The Karnataka Crisis

As many of us have been closely following, a political crises is brewing in Karnataka. The SC recently set aside the disqualification of 11 BJP MLA’s who had rebelled against the party. I hope to write on the SC judgment in more detail soon, but at first glace it seems to conform to the well established set of precedents which state that the Speaker must conform to certain procedural requirements in his decision, and that the decision is subject to judicial review on narrow administrative law grounds like mala fide, violation of natural justice, and the like.

For now, I just want to point to a surprising editorial in the Indian Express that grossly misrepresents the SC verdict. It states “The Supreme Court recently restored the membership of the 11 rebel BJP MLAs, who had been disqualified by the assembly speaker, thus saving the Yeddyurappa government’s skin.”.

The SC did just the opposite! The MLA’s were political dissidents who rebelled against the BJP. By reinstating them, the SC threatened the BJP govt. It is no surprise then that BJP members have been criticizing the decision.

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  • Madhav,
    Can you explain how the SC threatened the BJP Govt's survival by reinstating these MLAs? These MLAs are now supporting Yeddy Govt. Therefore, by reinstating their memberships, the SC has favoured the Yeddy Govt.

  • Hi VV:

    We don't know whom these MLA's will support, only a vote can confirm that. But the SC judgment arose because these MLA's rebelled against the BJP. Their reinstatement therefore threatens the BJP govt given their past action. It is no surprise then that the judgment has been considered a blow to the BJP – it puts their majority at risk.


  • Thanks VV. The Governor's report is an exogenous issue – has no relevance to the narrow point I'm making. Also, it is a tad premature to debate the Governor's report given the fact that it's not public and we, quite frankly, have no idea what he has really recommended.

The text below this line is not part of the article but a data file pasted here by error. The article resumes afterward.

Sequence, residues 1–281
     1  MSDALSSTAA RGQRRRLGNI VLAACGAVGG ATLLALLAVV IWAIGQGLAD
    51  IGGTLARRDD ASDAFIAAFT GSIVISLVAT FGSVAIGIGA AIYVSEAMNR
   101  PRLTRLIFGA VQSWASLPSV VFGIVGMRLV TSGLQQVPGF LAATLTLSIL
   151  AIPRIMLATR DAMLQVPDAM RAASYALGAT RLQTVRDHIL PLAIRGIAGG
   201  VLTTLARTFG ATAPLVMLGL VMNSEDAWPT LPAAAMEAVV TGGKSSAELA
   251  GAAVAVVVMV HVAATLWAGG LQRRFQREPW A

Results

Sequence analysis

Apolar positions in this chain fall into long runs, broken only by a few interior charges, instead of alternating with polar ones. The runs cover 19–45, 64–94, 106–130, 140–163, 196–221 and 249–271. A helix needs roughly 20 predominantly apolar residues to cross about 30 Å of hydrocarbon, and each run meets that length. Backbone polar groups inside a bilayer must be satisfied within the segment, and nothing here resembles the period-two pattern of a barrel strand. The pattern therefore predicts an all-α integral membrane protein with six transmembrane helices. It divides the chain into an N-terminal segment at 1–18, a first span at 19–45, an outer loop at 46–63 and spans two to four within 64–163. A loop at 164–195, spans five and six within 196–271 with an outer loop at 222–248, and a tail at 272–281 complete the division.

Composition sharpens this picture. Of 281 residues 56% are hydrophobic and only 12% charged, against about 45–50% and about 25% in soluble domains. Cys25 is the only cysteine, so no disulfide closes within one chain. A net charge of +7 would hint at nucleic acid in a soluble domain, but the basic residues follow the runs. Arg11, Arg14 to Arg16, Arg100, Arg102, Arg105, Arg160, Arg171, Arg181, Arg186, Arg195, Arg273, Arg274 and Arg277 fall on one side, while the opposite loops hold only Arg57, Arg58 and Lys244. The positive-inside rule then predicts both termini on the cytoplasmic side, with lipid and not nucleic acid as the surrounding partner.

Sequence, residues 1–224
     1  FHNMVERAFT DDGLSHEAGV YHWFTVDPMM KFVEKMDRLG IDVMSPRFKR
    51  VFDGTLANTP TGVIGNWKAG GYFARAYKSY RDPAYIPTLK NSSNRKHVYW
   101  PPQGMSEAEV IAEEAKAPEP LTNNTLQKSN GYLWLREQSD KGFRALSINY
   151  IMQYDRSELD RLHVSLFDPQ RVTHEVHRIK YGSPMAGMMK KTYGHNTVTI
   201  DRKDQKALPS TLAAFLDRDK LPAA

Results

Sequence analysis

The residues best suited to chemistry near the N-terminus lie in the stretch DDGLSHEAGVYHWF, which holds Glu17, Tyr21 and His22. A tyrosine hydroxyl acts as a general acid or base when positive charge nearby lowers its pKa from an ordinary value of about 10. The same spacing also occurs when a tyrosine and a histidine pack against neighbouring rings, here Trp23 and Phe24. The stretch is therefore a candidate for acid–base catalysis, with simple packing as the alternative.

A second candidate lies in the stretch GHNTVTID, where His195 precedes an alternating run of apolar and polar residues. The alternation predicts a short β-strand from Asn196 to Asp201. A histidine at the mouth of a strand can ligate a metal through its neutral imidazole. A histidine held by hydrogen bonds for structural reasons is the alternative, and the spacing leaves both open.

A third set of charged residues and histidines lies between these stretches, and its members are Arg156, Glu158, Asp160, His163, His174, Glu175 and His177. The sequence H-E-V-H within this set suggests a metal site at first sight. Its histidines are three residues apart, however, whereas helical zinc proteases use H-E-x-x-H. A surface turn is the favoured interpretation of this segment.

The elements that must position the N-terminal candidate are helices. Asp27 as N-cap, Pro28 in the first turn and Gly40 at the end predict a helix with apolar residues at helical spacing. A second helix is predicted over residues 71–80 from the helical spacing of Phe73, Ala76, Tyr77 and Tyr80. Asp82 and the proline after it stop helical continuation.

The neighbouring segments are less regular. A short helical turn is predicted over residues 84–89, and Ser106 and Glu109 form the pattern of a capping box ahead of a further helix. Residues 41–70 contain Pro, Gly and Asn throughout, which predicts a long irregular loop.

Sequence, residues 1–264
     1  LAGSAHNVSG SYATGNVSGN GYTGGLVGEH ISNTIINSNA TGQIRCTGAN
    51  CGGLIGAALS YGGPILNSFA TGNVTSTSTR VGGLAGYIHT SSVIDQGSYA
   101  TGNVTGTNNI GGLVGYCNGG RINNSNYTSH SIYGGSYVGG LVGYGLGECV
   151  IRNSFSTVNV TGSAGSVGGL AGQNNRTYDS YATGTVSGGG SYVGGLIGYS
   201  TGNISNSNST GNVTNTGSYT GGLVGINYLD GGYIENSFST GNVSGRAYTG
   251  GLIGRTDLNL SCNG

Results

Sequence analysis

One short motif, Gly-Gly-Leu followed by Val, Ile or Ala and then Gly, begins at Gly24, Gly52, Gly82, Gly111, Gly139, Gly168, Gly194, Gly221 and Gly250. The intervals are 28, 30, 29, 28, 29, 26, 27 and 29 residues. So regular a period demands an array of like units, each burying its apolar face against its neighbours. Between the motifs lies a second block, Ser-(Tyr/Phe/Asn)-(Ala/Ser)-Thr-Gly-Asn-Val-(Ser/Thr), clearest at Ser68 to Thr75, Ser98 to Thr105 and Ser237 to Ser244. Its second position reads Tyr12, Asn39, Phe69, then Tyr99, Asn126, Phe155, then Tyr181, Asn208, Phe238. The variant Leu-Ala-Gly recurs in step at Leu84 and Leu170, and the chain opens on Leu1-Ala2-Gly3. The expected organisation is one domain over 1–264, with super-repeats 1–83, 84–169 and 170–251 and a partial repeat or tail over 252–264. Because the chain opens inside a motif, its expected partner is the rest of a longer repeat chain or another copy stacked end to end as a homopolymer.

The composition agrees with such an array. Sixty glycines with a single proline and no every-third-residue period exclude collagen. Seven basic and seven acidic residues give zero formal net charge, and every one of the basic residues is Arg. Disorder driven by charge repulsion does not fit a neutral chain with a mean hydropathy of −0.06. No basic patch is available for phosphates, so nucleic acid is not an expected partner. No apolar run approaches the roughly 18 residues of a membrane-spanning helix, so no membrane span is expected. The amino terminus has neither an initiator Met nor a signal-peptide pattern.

• But the Governor's report is relevant in discussing the SC judgment. Is the Governor correct in concluding that after the SC judgment, it should be concluded that the BJP Government had lost the trial of strength in 2010, and therefore, must not continue in power, whatever the same MLAs might say now. Since the Centre cannot allow the BJP Government to continue, on the basis of illegal trial of strength held with illegal Speaker's disqualification order, imposition of President's rule would be justified. Should not the Supreme Court have gone into the consequences of its own judgment?

  • Since the Governor's report is not public, I suppose we could go by the media reports on what it might have recommended. I don't see any harm in speculative discussion, purely for academic reasons.

  • The anti-defection law is a no-law. It goes against the basics of the democracy and good governance and is a blot on our Constitution. During the last twenty years it has wrought havoc in the country's public life rendering the political process to be an oligarchy dictated by 'High Commands' and 'Supremos' and the peoples' representatives becoming mere gladiators and mercenaries. The nation and its citizens have become captive to pseudo-politics, dominated by vested interests bent on grinding their own axes.
    It is high-time that we had a re-look at the Anti-defection Law.